Video_1_Rapid Recovery From Cortical Blindness Caused by an Old Cerebral Infarction.MP4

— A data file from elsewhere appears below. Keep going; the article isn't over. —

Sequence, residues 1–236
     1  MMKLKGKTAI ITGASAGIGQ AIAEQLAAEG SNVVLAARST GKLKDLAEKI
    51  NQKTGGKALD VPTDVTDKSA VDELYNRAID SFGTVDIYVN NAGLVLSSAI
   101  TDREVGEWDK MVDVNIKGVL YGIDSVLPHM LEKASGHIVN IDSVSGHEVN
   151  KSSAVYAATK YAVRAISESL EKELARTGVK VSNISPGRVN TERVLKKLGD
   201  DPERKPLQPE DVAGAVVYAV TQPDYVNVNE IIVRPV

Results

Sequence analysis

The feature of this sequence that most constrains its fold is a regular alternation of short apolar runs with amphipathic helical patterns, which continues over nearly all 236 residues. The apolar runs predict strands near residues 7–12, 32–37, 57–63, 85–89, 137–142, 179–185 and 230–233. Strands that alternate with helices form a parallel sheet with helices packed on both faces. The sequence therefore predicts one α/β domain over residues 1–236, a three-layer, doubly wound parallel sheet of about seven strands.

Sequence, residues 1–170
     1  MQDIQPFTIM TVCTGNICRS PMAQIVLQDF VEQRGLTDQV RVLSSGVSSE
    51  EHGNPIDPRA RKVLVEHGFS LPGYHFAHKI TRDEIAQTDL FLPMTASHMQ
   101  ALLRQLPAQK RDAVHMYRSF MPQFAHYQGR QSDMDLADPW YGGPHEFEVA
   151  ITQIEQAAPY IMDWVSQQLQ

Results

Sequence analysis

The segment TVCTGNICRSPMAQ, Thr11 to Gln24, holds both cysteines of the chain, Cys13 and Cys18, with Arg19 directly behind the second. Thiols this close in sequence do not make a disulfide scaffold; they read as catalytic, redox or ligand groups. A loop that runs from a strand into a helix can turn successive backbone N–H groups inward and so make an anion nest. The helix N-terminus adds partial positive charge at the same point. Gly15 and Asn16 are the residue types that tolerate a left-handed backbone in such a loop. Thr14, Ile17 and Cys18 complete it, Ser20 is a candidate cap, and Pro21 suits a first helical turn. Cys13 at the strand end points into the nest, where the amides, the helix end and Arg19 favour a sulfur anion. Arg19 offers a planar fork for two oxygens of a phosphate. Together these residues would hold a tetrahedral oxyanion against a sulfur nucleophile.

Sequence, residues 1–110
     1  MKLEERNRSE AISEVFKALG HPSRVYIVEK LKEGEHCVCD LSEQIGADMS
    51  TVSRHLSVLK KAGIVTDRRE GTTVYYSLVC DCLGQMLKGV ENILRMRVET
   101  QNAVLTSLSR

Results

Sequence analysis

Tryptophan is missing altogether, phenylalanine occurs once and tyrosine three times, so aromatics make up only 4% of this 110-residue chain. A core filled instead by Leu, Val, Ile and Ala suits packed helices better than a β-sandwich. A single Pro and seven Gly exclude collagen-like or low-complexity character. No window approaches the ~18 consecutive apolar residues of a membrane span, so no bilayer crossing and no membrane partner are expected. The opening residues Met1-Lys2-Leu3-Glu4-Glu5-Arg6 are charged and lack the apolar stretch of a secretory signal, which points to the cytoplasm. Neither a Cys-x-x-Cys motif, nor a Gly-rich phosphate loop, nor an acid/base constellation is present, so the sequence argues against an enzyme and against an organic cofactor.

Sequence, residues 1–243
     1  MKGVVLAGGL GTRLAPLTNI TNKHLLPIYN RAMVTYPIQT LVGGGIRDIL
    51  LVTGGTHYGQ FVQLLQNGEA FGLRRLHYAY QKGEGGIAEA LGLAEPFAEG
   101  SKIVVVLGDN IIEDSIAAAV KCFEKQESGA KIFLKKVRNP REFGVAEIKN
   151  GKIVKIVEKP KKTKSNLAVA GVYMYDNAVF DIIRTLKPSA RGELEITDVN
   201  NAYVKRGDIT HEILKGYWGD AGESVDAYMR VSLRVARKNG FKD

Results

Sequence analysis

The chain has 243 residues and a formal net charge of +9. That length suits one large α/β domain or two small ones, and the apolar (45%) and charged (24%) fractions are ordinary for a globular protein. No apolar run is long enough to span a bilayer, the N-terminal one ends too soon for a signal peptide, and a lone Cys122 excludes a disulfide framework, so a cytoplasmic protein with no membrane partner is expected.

When the primary visual cortex (V1) is damaged, cortical blindness results. However, visual information obtained from the superior colliculus (SC) or direct thalamic afferents to higher visual cortices produces unconscious visual functions called blindsight. Alarming visual stimuli suggesting the approach of a predator are known to trigger escape behaviors via visual information mediated by the SC and amygdala in small animals, and salient and dynamic visual stimuli also produce some conscious visual experience even in patients with blindsight. Fresh cortical blindness sometimes recovers spontaneously in patients with fresh cerebral damages, and recovery can be accelerated by early rehabilitation. However, the mechanisms underlying recovery are not well-known. We analyzed a patient with cortical blindness caused by an old cerebral infarction. After repeated presentation of alarming visual stimuli, the ability to detect visual stimuli in the impaired visual field showed behavioral short-term improvement (STI) within a few minutes. Repeated behavioral STI induction was followed by behavioral long-term improvement (LTI) lasting more than several days. After behavioral LTI, the patient partially recovered the ability to read letters presented in the impaired visual field. The behavioral STI experiment, which can be performed within 10 min, may serve as a clinical screening test for anticipating recovery from cortical blindness.